Although a small minority prefer the sound of FM, every poll of digital radio listeners has indicated that the vast majority of listeners are more than happy with digital radio sound quality.

Talk about damning with faint praise.

I don't know if it cuts out in tunnels because in car DAB is still incredibly rare. A couple of years ago car accessory giant Halfords claimed they would stop selling analogue car radios by 2015. Unless they're planning on culling their entire radio section on Dec 31st (they aren't) that is not going to happen. 2015 was also the first date for the supposed FM switch off. Since by 2013 DAB only accounted for 36% of radio listeners, this date was pushed back to the more realistic "dunno, probably not ever".

Horace
Apr 17, 2007

Gone Skiin'



We never had a touch tone phone. Ours were pulse dialling, right into the 2000s. For me the sound of dialling the phone will always be pu-pu-pu-puh. pu-puh. pu-pu-pu-pu-pu-puh.

Horace
Apr 17, 2007

Gone Skiin'



WebDog posted:

Back in the olde Nokia days it was a bit of a thing to get your operator logo changed into a fancy graphic or as phones got more advanced, edit the little animated hands you got when you turned your phone on.


Usually via some suspect site.

Oh, I love these. I'd forgotten all about them until a couple of months ago when I found some magazines from the early 00s. Here's an ad picked at random:



These cost £3 each. That's how much you had to pay if you wanted to see Snoopy being ejaculated on every time you looked at your Nokia 3210.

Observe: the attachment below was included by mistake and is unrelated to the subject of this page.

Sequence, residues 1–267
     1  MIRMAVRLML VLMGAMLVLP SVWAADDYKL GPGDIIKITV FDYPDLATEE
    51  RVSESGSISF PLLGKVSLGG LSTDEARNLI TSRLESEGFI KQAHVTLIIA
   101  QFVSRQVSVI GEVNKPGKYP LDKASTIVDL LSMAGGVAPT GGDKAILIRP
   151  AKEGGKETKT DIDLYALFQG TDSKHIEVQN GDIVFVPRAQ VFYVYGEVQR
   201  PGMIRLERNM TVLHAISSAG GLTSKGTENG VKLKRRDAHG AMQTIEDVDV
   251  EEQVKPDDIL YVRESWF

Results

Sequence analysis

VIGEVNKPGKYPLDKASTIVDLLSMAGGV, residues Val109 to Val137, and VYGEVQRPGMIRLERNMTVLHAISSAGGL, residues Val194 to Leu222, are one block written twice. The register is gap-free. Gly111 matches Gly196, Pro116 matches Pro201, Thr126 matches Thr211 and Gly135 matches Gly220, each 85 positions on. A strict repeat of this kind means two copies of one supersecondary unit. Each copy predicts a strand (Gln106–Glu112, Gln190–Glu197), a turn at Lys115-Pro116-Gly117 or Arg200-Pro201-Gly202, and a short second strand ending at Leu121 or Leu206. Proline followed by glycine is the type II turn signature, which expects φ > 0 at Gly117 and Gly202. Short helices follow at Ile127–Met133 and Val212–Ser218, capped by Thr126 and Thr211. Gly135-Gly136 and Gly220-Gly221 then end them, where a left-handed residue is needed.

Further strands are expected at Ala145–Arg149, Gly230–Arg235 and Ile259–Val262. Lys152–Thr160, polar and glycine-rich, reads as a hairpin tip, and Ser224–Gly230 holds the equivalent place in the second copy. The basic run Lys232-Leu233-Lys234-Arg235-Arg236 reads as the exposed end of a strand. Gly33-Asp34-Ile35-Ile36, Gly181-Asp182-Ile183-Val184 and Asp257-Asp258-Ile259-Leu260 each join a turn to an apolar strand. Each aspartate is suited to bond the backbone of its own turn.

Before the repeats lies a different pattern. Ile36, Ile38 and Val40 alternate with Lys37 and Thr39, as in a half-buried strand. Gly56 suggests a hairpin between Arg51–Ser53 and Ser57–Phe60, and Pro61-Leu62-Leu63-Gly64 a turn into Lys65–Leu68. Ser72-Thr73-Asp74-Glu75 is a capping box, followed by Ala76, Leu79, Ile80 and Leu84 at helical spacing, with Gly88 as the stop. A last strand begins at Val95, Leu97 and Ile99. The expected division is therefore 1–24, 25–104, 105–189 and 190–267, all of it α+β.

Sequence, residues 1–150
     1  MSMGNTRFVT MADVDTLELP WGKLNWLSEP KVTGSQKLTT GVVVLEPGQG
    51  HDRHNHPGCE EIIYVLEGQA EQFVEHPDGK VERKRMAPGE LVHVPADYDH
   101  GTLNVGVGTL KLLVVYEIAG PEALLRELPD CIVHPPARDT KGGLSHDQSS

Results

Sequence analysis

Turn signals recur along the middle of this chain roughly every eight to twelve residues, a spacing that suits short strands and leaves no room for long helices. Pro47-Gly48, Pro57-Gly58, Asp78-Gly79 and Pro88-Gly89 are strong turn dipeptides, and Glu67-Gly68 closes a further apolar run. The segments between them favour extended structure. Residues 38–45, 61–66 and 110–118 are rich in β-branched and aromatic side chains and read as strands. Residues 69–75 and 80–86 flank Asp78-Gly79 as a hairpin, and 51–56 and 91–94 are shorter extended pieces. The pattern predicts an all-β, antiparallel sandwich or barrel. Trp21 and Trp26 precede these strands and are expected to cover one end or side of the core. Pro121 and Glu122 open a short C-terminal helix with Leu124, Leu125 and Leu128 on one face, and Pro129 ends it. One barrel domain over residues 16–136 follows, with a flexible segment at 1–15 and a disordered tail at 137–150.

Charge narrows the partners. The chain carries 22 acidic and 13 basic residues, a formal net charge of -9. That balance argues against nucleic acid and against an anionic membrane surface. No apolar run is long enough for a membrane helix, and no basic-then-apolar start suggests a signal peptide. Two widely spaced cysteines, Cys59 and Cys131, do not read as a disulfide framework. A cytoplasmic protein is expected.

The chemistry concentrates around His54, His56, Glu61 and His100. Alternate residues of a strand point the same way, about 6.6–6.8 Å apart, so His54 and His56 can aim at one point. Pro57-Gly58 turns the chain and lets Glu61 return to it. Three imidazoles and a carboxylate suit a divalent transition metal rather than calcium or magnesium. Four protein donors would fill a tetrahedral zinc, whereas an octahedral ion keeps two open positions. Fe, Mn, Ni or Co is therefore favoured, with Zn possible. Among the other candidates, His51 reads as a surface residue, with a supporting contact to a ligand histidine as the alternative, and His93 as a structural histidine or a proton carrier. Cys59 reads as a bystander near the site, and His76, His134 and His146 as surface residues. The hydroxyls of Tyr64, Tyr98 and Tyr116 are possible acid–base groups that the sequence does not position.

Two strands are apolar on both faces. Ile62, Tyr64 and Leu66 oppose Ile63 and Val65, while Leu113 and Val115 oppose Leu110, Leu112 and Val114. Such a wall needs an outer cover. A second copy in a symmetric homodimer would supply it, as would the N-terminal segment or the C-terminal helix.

Horace
Apr 17, 2007

Gone Skiin'



Collateral Damage posted:

I had a 7110 for a short time. It had the same Matrix-like slide function with a button on the side that made the "mouthpiece" shoot out.



The latch for the slide tended to wear out quickly though and after a while it wouldn't stay closed.

The sliding keypad cover was a great gimmick, but the most striking feature of this phone was its enormous screen. Doesn't look much today, but when a friend rolled up with one of these it was like an IMAX screen in comparison to all our other phones. Don't think my phone could display graphics of any sort, and he has Snake II and an animated hand intro.

Horace
Apr 17, 2007

Gone Skiin'



I had a C35, but the buttons were too squishy and hard to use so I traded it in for an S35, which was such a good phone I kept it for eight years.

The C35 came with free weekend WAP access, but even free it wasn't worth the effort. There was an online boxing game I remember trying to play where you were presented with a picture of your opponent and two options. After choosing an option you had to wait about 30 seconds to a minute for the next screen to load. Agonising.

The phone also had a programmable shortcut button which the network had hijacked and locked to their lovely WAP portal. Dicks.

Horace
Apr 17, 2007

Gone Skiin'



Jedit posted:

We had the same thing in Manchester when I was growing up.



Put it in a slot at the top of a machine, when the bottom hits a pressure plate a blade clips off the bottom-most square (hence "Clippercard") and an ink-stamp imprints the time, date and route number of the bus.

It does if the bus had the machine, but none of the Arriva buses did. Their drivers used a selection of office hole punches, scissors and hand tearing to remove the tiny squares. Often this resulted in a card lasting many more than ten journeys when the driver didn't want to hold up the queue (or just couldn't be arsed clipping).

They were great.

Horace
Apr 17, 2007

Gone Skiin'



hackbunny posted:

I guess this is how the British rationalized their absurd pre-decimal coinage too

I have a very obsolete keying to simplify all that new money nonsense.

Horace
Apr 17, 2007

Gone Skiin'



BalloonFish posted: